Scott was a leading architect of the Gothic revival, he was born in Buckinghamshire, and showing an early talent for drawing details of Gothic churches. He worked for the architect Henry Roberts and the builders Peto and Grissell before setting up his own practice. He was responsible for the Albert Memorial (1862-3), St Pancras Station (1865), the Home Office and Colonial Office (1858 onwards), and the India Office (originally planned as Gothic by Scott, but then changed to Italian Renaissance style after a change of Government) on Whitehall. In Oxford, he designed the Martyrs’ Memorial (1841), St John’s College Chapel and Exeter College Chapel. He designed the General Infirmary in Leeds.
Men like A.W. Pugin and writer John Ruskin (The Seven Lamps of Architecture, 1849) believed that the Middle Ages was a watershed in human achievement and that Gothic architecture represented a perfect marriage of spiritual and artistic values. Ruskin was an admirer of the Pre-Raphaelites and advocated a return to the values of craftsmanship, artistic, and spiritual beauty in architecture and the arts of the pre Renaissance period. Ruskin believed that only those materials which had been available for use in the Middle Ages should be employed in Gothic Revival buildings.
Even more focussed than Ruskin were followers of the “ecclesiological movement”, of which George Gilbert Scott was part. Followers of the ecclesiological movement believed that only the Gothic style was suitablefor church architecture and not just any Gothic style but only the ‘Middle Pointed’ or Decorated style prevalent in the late 13th to mid 14th century. The bible of the movement was the monthly publication, The Ecclesiologist, which was published from 1841-1868. The publication was a style-guide to Gothic architecture and design. Christ Church which was consecrated in 1862 was thus built at the height of Scott’s career and at a point at which the ecclesiological style was well established.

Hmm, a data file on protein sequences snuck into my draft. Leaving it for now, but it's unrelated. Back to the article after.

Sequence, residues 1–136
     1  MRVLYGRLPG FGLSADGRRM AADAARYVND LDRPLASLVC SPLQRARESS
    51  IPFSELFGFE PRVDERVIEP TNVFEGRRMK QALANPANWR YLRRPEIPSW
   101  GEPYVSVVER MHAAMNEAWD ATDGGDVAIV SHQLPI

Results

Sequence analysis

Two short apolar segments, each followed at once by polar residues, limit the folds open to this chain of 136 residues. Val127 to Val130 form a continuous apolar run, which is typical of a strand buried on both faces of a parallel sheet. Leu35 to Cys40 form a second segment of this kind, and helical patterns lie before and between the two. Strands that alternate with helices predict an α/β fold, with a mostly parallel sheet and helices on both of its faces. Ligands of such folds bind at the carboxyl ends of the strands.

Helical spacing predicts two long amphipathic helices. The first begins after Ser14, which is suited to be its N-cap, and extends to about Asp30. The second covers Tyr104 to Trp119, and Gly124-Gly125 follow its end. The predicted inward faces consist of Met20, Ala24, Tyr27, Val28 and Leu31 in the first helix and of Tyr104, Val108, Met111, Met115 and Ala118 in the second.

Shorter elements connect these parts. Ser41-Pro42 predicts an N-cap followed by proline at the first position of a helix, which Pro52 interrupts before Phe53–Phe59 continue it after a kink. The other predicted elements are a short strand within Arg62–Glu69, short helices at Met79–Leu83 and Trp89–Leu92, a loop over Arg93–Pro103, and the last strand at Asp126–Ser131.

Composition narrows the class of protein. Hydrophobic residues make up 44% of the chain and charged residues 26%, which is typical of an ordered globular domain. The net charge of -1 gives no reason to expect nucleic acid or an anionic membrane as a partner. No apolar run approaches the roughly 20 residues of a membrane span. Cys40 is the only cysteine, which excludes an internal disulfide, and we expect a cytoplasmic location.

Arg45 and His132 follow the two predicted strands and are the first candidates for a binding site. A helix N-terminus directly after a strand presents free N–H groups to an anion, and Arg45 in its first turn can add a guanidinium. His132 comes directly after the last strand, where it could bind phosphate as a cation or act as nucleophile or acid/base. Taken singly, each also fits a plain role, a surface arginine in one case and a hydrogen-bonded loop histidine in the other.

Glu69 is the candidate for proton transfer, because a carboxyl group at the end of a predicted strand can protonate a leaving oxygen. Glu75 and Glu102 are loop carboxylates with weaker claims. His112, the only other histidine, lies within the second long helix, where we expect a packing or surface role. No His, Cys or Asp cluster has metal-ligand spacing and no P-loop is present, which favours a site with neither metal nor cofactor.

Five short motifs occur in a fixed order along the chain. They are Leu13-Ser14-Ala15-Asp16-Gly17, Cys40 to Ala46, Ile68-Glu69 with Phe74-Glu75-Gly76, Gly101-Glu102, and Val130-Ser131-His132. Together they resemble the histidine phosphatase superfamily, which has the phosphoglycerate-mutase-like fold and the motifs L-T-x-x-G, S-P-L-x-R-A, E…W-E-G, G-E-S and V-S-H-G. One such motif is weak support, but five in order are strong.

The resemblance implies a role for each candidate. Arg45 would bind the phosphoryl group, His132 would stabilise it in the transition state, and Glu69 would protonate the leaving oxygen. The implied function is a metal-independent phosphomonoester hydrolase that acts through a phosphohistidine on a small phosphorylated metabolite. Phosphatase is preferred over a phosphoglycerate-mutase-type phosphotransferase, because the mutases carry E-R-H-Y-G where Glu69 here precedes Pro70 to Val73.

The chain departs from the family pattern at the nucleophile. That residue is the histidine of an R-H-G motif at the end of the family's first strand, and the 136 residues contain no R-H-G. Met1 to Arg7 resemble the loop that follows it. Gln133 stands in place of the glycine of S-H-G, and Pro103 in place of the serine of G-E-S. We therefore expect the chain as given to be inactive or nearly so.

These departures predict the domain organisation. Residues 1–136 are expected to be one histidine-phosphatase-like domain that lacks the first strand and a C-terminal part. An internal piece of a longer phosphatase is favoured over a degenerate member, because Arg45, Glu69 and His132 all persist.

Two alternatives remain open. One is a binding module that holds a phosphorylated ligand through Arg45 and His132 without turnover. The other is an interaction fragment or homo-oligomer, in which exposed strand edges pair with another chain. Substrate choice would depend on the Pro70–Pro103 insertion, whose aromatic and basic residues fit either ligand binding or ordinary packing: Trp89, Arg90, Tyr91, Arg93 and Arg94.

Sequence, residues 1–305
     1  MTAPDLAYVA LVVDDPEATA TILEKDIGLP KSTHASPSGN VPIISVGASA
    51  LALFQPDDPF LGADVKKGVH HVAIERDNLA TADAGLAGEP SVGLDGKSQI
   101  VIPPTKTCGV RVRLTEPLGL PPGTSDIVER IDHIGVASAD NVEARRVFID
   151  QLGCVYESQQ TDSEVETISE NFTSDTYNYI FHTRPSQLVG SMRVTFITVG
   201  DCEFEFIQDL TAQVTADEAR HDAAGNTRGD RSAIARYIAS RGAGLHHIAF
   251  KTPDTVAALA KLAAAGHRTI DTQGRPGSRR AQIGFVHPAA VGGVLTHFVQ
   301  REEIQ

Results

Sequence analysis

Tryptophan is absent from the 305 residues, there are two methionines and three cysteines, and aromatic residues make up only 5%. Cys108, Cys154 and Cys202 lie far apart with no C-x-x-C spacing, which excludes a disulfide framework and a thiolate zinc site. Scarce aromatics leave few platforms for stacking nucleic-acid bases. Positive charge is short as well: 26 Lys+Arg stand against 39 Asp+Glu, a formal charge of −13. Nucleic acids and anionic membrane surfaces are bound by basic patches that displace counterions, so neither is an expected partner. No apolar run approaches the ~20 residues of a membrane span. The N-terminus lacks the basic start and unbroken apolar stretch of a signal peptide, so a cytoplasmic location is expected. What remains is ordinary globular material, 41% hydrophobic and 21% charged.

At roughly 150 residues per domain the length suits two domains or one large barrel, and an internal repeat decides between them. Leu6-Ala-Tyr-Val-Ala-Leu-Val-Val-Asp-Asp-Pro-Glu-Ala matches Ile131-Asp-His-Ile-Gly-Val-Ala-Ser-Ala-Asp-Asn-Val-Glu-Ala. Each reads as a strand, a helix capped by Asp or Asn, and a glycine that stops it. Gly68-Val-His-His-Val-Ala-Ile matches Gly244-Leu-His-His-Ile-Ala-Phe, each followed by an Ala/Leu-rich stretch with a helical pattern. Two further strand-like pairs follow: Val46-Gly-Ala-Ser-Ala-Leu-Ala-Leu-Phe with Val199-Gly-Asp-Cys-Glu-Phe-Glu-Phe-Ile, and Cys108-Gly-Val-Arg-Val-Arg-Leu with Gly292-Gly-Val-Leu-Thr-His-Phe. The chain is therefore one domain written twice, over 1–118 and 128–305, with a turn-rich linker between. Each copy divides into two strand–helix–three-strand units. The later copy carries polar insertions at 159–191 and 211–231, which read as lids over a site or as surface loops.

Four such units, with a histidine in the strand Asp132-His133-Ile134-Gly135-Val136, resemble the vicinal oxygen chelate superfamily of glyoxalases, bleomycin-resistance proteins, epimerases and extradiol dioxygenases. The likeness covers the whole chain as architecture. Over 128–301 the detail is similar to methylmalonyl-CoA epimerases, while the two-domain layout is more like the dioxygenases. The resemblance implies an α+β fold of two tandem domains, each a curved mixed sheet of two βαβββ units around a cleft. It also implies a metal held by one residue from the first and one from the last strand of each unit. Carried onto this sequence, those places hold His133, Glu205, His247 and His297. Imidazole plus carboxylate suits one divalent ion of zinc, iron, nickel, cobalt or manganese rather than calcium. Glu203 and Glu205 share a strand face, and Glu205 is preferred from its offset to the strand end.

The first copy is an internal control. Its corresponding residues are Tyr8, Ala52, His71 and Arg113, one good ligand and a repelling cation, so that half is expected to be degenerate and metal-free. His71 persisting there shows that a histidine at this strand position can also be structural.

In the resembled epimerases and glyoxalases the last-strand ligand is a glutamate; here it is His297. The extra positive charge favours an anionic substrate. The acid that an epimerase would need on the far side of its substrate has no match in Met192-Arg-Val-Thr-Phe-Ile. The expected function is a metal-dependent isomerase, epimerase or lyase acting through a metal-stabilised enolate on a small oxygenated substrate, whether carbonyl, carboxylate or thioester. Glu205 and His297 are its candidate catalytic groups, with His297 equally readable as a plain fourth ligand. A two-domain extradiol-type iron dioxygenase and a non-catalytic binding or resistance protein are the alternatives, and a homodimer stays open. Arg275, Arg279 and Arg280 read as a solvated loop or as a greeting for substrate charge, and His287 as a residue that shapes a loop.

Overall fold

However, original medieval building was time-consuming and labour-intensive and required a large pool of labourers skilled in the necessary techniques; techniques which were handed down through the generations that it might take to finish a large architectural project. As Ruskin pointed out ‘The greatest distinctive character of Gothic is in the workman’s heart and minds’ (Ruskin, 1852). Victorian Gothic builders lacked that pool of skilled labourers to draw upon, so they were forced to use more modern methods. Ruskin was offered the RIBA medal when Sir George Gilbert Scott was president, but he declined because of RIBAs policy on the conservation of historical buildings.
Scott designed most of his buildings in a Gothic manner. Unlike Ruskin, he felt that Gothic design suited most modern building types and materials. Ironically Scott’s building methods are now causing problems in Christ Church. Even the initial building of Christ Church did not seem to be entirely straighforward. In Minchenden Garden, the rejected base pillars of Christ Church can be found, encrusted with moss!
In Southgate, Scott produced an impressive Gothic Revival building complete with tower and spire that can be seen from far around. The pointed arches are typical of the style as is the tower topped by a spire. Scott won a Royal Gold Medal in 1859 and was knighted in 1872. He died in London, England in 1878.